Talk by Shinji Nishimoto of UC Berkeley. Given to the Redwood Center for Theoretical Neuroscience at UC Berkeley.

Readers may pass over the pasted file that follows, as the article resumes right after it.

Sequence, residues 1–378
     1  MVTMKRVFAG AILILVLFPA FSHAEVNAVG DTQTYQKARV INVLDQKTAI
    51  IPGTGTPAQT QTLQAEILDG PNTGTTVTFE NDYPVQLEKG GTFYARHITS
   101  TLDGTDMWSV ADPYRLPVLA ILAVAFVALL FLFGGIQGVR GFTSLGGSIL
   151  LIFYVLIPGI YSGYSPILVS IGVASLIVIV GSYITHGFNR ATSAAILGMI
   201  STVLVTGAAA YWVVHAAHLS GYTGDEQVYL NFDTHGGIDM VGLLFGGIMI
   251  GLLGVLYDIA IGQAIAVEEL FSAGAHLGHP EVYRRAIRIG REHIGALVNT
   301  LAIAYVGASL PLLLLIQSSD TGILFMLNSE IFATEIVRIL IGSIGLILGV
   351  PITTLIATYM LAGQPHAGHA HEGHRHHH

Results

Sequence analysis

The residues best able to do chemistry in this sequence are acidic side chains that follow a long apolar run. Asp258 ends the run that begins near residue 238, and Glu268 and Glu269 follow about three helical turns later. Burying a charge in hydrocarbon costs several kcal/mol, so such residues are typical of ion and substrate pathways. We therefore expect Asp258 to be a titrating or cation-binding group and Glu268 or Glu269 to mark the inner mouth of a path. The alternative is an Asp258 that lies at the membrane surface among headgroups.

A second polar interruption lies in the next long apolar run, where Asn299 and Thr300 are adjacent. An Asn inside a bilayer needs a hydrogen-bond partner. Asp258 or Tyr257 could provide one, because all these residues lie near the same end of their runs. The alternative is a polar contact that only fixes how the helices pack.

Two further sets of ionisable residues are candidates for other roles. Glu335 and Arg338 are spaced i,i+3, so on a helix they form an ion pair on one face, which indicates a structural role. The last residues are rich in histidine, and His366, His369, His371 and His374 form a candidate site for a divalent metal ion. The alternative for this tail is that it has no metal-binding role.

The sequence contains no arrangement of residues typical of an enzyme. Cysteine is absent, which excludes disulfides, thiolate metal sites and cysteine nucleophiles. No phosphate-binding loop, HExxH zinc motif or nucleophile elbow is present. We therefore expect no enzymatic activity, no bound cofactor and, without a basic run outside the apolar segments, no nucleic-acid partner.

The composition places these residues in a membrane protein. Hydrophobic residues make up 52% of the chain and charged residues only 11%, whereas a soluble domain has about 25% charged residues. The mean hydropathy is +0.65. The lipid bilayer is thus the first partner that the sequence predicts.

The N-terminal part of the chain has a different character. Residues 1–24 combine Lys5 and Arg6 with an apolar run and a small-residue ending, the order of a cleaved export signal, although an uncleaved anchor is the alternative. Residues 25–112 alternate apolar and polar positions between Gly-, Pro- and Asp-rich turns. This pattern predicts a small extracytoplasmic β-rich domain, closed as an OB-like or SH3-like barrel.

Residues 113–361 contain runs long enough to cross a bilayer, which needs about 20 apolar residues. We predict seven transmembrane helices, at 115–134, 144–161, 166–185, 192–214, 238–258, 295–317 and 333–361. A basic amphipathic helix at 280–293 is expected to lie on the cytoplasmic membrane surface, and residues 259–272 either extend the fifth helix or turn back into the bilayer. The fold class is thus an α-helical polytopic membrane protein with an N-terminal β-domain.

Quantitative modeling of human brain activity can provide crucial insights about cortical representations and can form the basis for brain decoding devices. Recent functional magnetic resonance imaging (fMRI) studies have modeled brain activity elicited by static visual patterns and have reconstructed these patterns from brain activity. However, blood oxygen level-dependent (BOLD) signals measured via fMRI are very slow, so it has been difficult to model brain activity elicited by dynamic stimuli such as natural movies. Here we present a new motion-energy encoding model that largely overcomes this limitation. The model describes fast visual information and slow hemodynamics by separate components. We recorded BOLD signals in occipitotemporal visual cortex of human subjects who watched natural movies and fit the model separately to individual voxels. Visualization of the fit models reveals how early visual areas represent the information in movies. To demonstrate the power of our approach, we also constructed a Bayesian decoder by combining estimated encoding models with a sampled natural movie prior. The decoder provides remarkable reconstructions of the viewed movies. These results demonstrate that dynamic brain activity measured under naturalistic conditions can be decoded using current fMRI technology.